Nesbitt Memorial Library Journal, Volume 9, Number 3, September, 1999 Page: 140
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Nesbitt Memorial Library Journal
gathering moss, and when they had procured a
load apiece, they began very slowly to return. It
was now nearly dark, and when they had re-
turned a short distance, they threw down the moss
and ran; and as they did so, they looked back
and saw some Mexicans soldiers pursuing them.
There were some Mexicans in front of them driv-
ing a caballado of horses. Hamilton and his
companion ran into this drove, causing them to
stampede. One gentle horse stood still. They both
mounted him and urging him along with their feet,
and guiding his course by striking him with their
hands on the side of the head, they soon out-
stripped their pursuers, who were on foot. They
continued to ride until the horse fell beneath them.
The next day they were fortunate enough to se-
cure another, and after manufacturing a grape-
vine bridle and moss saddle, continued their jour-
ney, alternately walking and riding, and in this
way finally succeeded in escaping.
Thus ends my account, though I design,
at some future time, giving to the world other
particulars relating to that eventful period, and
the subsequent adventures of my companions
2. Sutherland Springs (dated August 23, 1877,
published in Colorado Citizen, August 30,
In response to your invitation to write
an account of Sutherland Springs, I will attempt
to describe them to you as seen them through
my own glass of vision. You will therefore infer
that you will not receive either a learned article
or a scientific analysis of the waters. My com-
panion, Mrs. West, and myself arrived at this
place about three weeks ago, having traveled in
an ambulance from San Antonio, which is about
thirty miles distant. The beautiful and constantly
changing panorama of hill and valley clothed in
every shade of green, and the almost mountain-
ous ridge of deepest blue which outlined the ho-
rizon, and seemed to flee from us as we ap-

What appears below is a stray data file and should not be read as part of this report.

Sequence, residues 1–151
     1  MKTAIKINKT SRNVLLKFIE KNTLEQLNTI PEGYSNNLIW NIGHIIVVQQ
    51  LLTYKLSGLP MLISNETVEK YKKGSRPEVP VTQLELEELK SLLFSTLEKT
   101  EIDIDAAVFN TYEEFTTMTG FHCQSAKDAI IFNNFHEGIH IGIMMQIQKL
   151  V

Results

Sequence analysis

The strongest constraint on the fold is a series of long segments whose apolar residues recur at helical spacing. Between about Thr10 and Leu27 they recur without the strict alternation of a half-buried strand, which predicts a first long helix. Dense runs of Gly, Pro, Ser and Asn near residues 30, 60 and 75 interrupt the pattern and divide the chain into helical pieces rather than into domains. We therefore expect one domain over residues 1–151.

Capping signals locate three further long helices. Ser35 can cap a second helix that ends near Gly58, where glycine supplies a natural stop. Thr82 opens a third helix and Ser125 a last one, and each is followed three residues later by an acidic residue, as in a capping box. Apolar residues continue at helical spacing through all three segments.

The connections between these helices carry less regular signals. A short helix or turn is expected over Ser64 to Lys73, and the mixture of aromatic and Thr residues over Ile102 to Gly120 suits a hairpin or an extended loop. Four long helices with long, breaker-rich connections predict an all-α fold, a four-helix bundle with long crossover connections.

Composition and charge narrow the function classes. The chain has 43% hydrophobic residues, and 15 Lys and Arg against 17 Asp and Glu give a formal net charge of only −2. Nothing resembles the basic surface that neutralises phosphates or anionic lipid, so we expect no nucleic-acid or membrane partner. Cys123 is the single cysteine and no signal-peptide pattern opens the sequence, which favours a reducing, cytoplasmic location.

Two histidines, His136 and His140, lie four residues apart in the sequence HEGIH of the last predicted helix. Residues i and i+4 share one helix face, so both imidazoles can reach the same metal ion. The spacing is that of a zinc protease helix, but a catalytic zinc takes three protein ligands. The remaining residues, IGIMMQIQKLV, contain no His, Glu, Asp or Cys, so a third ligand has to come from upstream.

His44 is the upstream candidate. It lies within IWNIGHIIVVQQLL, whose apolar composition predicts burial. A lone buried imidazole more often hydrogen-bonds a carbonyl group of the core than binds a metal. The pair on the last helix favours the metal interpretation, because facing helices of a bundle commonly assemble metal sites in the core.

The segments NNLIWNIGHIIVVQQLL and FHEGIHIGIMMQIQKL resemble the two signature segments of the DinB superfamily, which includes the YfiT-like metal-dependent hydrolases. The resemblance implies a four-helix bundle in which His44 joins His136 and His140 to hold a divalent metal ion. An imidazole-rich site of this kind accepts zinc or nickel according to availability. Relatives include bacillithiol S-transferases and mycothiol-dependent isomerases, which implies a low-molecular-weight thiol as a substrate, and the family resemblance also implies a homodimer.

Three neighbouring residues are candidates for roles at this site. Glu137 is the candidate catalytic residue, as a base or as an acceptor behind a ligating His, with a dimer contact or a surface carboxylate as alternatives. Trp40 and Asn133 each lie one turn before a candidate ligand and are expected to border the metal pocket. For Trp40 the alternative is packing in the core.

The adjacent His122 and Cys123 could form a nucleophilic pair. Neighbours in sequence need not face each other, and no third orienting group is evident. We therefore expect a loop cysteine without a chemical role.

proached, gave such unceasing delight and in-
terest to the journey as to render it not at all
monotonous or fatiguing. The town which bears
the name of "Sutherland Springs" is very prettily
situated on a hilly promontory, projecting into the
valley of the cibolo, (or sewilla as it is pro-
nounced,) and from which elevation you can see
the surrounding country for quite a number of
miles on the North, East and West, with the river
in the midst, the great artery of this part of the
country, giving life and verdure to the lands
through which it flows. The Western Chronicle
is published in this place, and edited by Capt.
E. R. Tarver, formerly of Seguin. The Sulphur
Springs lie in a peninsula formed by a sudden
bend of the river. The white and black sulphur
are the principal springs and burst from the
ground with such force and strength as to ren-
der the water perfectly buoyant, and we have
fully realized the fact of which we had been told,
that it is impossible to sink in it, or rather to re-
main sunk, for upon going down into it you are
immediately thrown to the surface by the force
from beneath. The water of the white sulphur is
perfectly limpid so that you can see the grains of
sand at the bottom, and is strongly impregnated
with sulphur. The black is of a darker color, (an
almost blackish hue) much stronger and much
deeper, and is reserved entirely for gentlemen.
It is said there is an opening in the bottom of this
spring which has never been fathomed, because
it is impossible to sink anything in it deep enough
to sound its depth. Each of these springs pour
out an immense volume of water, estimated at
about five hundred gallons a minute. Quite a num-
ber of visitors from the surrounding country are
seeking the healing virtues of these springs, while
Galveston, Houston, San Antonio, Austin, Seguin
and Columbus have their representatives here.
The Columbustians, as old brother Coleby used
to call us, have been most decidedly benefited,
and one of them with appetite so much improved
thinks there is no sound half so sweet as the
dinner-bell, or after our exhilarating bath in the
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Nesbitt Memorial Library. Nesbitt Memorial Library Journal, Volume 9, Number 3, September, 1999, periodical, September 1999; Columbus, Texas. (texashistory.unt.edu/ark:/67531/metapth151407/m1/12/?q=nesbitt%20memorial%20library%20journal: accessed May 29, 2017), University of North Texas Libraries, The Portal to Texas History, texashistory.unt.edu; crediting Nesbitt Memorial Library.